Gardening Harmful insects

Tomato Hornworms Are Easy to Control

20170804A Whitney Cranshaw, Colorado Ste University, WC
Although big and scary-looking, the tomato hornworm is harmless to people. Photo: Whitney Cranshaw, Colorado State University via Wikimedia Commons

You suddenly find a leaf on your tomato plant has been almost eaten off. And the next day another, then yet another? This is the usual symptom of the tomato hornworm (Manduca quinquemaculata), a menacing-looking (but harmless to people) huge green caterpillar 4 inches (10 cm) long. You can also find it on other plants in the nightshade family (eggplants, peppers, nicotianas, potatoes, daturas, etc.), but it does seem to prefer tomatoes. It has a similar-looking cousin, the tobacco hornworm (Manduca texta) with the same host range, but it prefers tobacco plants (Nicotiana).

Manduca quinquemaculatus a.k.a. Five-Spotted Hawkmoth a.k.a. tomato hornworm
The adult sphinx, almost the size of a small bird, is rarely seen. Photo: User:Lpm, Wikimedia Commons

The adult sphinx is a large, narrow-winged, dull-colored moth that beats its wings at high speed and pollinates many flowers … including, oddly enough, flowers of several nightshade relatives, like nicotiana and datura, the same plants its caterpillars eat! Because of its very nocturnal habit, the adult is rarely seen, although there are other smaller sphinx moths you may well see pollinating flowers during the daylight. The female lays its eggs underneath the leaves of the host plant and the larvae hatch in only 3 to 5 days. There are two or more generations per year.

This is an excellent example of a case where hand picking is the only “insecticide” necessary. That’s because there is usually only one hornworm per plant, rarely two. Why would you spray an entire plant with a possibly toxic pesticide just to kill just one bug? It’s so much easier to locate the caterpillar, remove it and “dispose” of it. (Usually, I knock it to the ground and squash it under my shoe, but the more squeamish could simply drop it into a cup of soapy water.)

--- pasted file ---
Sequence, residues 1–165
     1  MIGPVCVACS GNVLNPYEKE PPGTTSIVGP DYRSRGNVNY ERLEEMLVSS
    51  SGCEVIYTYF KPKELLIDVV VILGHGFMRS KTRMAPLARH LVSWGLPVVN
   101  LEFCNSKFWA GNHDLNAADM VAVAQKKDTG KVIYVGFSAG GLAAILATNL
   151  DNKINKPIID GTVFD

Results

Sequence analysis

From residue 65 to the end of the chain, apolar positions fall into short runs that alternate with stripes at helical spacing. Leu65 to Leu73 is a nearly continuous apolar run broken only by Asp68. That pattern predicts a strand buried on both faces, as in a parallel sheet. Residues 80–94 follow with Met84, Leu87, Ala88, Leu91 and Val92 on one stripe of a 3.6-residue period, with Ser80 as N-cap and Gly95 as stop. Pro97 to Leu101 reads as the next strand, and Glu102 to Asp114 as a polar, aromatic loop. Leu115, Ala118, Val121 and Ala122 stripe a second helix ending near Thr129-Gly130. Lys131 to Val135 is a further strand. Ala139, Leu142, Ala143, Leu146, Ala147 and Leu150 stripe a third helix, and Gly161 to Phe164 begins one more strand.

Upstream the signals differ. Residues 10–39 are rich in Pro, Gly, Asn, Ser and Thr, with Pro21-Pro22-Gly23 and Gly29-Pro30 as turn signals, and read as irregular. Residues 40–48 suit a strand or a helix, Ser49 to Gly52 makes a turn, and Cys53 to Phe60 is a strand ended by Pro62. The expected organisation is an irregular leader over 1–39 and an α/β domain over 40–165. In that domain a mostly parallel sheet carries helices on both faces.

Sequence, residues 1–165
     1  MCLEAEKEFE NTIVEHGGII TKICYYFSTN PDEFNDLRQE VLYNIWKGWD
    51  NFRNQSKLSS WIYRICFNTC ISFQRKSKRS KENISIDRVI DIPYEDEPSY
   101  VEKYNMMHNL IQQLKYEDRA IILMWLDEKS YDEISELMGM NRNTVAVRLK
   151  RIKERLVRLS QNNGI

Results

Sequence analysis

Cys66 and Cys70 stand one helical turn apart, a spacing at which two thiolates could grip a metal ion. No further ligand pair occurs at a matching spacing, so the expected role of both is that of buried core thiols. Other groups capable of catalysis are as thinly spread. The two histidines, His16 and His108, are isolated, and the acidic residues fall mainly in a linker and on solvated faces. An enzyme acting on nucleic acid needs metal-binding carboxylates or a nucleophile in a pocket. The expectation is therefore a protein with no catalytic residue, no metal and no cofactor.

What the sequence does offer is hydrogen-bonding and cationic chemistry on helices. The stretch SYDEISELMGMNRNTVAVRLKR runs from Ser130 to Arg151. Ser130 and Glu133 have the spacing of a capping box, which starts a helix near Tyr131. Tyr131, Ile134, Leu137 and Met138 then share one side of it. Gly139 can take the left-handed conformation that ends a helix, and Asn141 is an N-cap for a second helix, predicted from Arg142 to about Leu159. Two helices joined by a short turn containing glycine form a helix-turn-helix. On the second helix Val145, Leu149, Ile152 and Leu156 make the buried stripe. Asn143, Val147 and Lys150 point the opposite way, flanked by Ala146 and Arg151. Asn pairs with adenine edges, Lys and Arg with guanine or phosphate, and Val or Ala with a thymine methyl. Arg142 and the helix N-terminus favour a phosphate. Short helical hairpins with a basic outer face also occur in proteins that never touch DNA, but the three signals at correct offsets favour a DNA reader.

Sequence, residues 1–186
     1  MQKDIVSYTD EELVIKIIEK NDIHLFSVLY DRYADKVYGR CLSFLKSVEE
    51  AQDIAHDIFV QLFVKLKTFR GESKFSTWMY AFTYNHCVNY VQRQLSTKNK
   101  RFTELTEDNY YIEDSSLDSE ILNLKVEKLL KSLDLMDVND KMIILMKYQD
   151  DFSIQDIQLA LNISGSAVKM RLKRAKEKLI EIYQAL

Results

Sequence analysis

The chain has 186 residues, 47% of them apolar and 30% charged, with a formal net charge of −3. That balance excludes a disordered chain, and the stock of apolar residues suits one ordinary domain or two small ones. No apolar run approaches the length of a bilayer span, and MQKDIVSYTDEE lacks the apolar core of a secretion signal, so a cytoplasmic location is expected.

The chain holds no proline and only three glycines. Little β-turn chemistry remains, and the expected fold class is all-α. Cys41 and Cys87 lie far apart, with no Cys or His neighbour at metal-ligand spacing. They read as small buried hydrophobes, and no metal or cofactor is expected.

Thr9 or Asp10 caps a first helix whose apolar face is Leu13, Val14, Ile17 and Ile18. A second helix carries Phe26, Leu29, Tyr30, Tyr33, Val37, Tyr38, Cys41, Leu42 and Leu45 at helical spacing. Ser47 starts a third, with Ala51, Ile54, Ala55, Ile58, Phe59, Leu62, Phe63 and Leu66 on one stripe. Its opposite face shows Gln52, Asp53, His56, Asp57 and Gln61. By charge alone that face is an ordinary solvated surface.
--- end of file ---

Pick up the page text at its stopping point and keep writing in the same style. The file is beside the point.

But, despite its enormous size, this caterpillar is almost the same color as the foliage and can be hard to see. If you see chewed leaves but not the pest, spray your plants with a jet of cold water. The caterpillar will react by thrashing about … and is then easily spotted.

The tomato hornworm is found throughout the USA as well as in southern Canada and northern Mexico, but is most common in the northern part of its territory while the tobacco hornworm, which has a similar range, tends to be more common in the south.20170804A Whitney Cranshaw, Colorado Ste University, WC

 

Larry Hodgson is one of Canada’s best-known garden communicators. He has notably been editor-in-chief of HousePlant Magazine, Fleurs, Plantes et Jardins, À Fleur de Pot and Houseplant Forum magazines and is currently the garden correspondent for Le Soleil and radio garden commentator for CKIA-FM Radio. He has written for many garden publications in both the United States and Canada, including Canadian Gardening, Harrowsmith, Horticulture, Fine Gardening and Organic Gardening. He also speaks frequently to horticultural groups throughout Canada and the U.S. His book credits include The Garden Lover’s Guide to Canada, Complete Guide to Houseplants, Making the Most of Shade, Perennials for Every Purpose, Annuals for Every Purpose, and Houseplants for Dummies, as well as nearly 60 other titles in English and French. He is a past president of the Garden Writers Association (now Garden Communicators International) and the winner of the prestigious 2006 Garden Media Promoter Award offered by the Perennial Plant Association. He resides in Quebec City, Quebec, Canada.

4 comments on “Tomato Hornworms Are Easy to Control

  1. Cold water, hey? I’ll try that….also found some on my sweet mint this year- yipes, I almost stuck it in my cold drink. We’d both be thrashing around then. :{

  2. Pingback: The Moth That Flies Like a Hummingbird – Laidback Gardener

  3. Pat Hayward

    Or better yet, plant an extra “sacrifice” plant (or 2) to relocate the caterpillars on to. This year we successfully removed 21 hornworms from our garden onto 2 sacrifice plants. After a week or so of feeding, I’m sure they made it into the soil to pupate and eventually emerge to become those magnificent sphinx moths we’re all in awe of.

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